I am again seriously impressed by the disconnect between the reality star in the White House and the President of the United States. Is it possible there are two Donald Trumps? Does he have a twin brother who's in charge of Twitter while the president writes speeches? What else could explain the chaotic undisciplined twiterstorm […]
I am again seriously impressed by the disconnect between the reality star in the White House and the President of the United States.
Is it possible there are two Donald Trumps? Does he have a twin brother who's in charge of Twitter while the president writes speeches?
What else could explain the chaotic undisciplined twiterstorm versus the focused, well-organized, down to earth yet inspiring speeches?
If you like Trump you should watch the entire speech.
If you loathe Trump you must watch it.
Agree or disagree, Trump defined the issues and made his case without rancor or rage, in marked contrast with the disturbed child who also spoke at the UN recently " or even his own public persona.
Globalism versus nationalism; Trump argued that every nation has the right and the responsibility to serve their own interests first. Which among other things means control over their borders.
He furthermore said that this is the only basis for peace, respect, and friendship between nations.
Then he said nice things about how Mexico has been cooperating on us with that problem.
On the trade war with China, where he is most at odds with his own supporters, he outlined China's arrogance, currency manipulations , and theft of intellectual property with concrete examples. He made the case for sanctions but on a hopeful note that it will be worked out and massaged the ego of Chinese President Xi Jinping.
That's a nice balance between a message of 'we're not going to tolerate you messing with us anymore' and 'but we respect you' so necessary for dealing with leaders from cultures notoriously touchy about face.
He called out Iran and Venezuela as brutal dictatorships, but affirmed our sympathy with the suffering of their people.
And significantly he mentioned there is food waiting for the starving people of Venezuela once the walls come down. Which incongruously made me think of Charleton Heston playing El Cid at the siege of Valencia where he wheeled the catapults up to the walls " and flung loaves of bread over them.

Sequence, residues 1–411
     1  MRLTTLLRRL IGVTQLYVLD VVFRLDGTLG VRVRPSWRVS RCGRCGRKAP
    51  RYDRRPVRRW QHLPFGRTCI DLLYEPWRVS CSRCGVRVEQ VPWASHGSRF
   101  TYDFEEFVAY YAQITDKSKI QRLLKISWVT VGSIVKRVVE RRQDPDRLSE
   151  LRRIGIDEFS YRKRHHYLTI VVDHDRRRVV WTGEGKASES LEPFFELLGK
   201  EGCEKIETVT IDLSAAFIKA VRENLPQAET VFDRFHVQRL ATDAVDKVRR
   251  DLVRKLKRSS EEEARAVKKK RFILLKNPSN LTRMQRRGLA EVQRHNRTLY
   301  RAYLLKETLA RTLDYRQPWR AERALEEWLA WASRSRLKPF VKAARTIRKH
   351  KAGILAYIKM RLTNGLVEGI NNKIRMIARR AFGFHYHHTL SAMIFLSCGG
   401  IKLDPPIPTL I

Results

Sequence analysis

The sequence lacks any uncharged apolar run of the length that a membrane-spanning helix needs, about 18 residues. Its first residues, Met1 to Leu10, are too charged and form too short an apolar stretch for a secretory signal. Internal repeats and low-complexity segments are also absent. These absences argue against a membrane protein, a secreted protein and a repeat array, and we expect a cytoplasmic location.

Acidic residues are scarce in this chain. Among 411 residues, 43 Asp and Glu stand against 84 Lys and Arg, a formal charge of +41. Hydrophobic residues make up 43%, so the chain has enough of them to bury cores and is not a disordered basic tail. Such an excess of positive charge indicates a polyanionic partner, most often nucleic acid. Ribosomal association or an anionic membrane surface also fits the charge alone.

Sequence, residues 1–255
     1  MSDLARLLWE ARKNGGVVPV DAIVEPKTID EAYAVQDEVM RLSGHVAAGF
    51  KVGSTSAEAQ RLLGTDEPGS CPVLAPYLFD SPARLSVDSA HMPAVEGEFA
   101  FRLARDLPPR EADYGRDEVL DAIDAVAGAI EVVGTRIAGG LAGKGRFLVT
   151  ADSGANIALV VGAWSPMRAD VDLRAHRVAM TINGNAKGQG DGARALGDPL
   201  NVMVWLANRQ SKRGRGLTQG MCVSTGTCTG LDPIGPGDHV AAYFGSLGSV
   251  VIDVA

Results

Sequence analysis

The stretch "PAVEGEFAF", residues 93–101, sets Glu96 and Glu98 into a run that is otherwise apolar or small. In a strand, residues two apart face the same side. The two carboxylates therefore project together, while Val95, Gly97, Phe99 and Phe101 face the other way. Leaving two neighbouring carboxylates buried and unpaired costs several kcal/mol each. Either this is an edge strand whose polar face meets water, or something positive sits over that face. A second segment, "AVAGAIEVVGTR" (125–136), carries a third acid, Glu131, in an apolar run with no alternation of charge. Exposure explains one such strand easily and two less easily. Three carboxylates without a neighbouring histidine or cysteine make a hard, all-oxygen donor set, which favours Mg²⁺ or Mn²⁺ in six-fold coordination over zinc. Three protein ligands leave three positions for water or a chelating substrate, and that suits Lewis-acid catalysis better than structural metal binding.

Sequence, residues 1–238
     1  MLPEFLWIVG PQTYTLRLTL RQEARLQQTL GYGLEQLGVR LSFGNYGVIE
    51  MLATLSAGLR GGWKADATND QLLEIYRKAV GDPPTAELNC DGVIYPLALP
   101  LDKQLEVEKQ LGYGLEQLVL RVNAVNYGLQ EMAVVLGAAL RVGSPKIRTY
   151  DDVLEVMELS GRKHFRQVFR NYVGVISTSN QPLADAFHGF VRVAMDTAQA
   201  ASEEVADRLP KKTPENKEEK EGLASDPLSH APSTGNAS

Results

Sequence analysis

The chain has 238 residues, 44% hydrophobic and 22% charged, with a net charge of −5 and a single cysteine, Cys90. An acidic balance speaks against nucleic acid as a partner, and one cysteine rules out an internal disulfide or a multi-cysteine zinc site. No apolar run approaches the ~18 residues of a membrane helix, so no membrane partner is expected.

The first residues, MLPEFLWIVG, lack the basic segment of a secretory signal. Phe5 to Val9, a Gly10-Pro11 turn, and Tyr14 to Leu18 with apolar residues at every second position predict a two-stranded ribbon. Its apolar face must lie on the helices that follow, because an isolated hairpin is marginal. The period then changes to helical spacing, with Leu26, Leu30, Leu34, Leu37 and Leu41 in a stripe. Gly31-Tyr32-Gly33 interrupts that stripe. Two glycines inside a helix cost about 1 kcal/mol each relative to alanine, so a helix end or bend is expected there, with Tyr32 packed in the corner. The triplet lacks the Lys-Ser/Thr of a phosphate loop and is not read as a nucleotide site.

And here is where he defined the difference between two views of the world order.
'Like my beloved country, each nation represented in this hall has a cherished history, culture, and heritage that is worth defending and celebrating, and which gives us our singular potential and strength.'
There is a great deal of talk about 'diversity' and 'multiculturalism' these days. Which sounds great except the people who do most of the talking expect a rigid intellectual conformity among all the best people, and who seem to have little real understanding that other cultures really are quite different from ours. Their vision of a globalist future seems monotonously bland, like the world remade into a California suburb.
And he repeated his previous statement that, 'America will never be a socialist country' and called out socialism for the murder of a minimum 100 million people in the past century.
I realize many people have a different definition of socialism more like the capitalist social democracies of Europe. Well if you do, now you have to explicitly define what you mean and defend your position because Trump has drawn a line in the sand.
If you agree with Trump I think you'll be heartened that your position is not being represented by the bombastic idiot he is portrayed as, with some justification to be sure.
If you disagree I'd say watch it more than once, analyze it, and formulate your answers to it point-by-point. Because this is an argument that cannot be answered by a screaming hissy fit.
A collection of Steve Browne's essays and newspaper columns, 'The View from Flyover Country: A Rural Columnist Looks at Life in the 21st Century' is available on Amazon Kindle.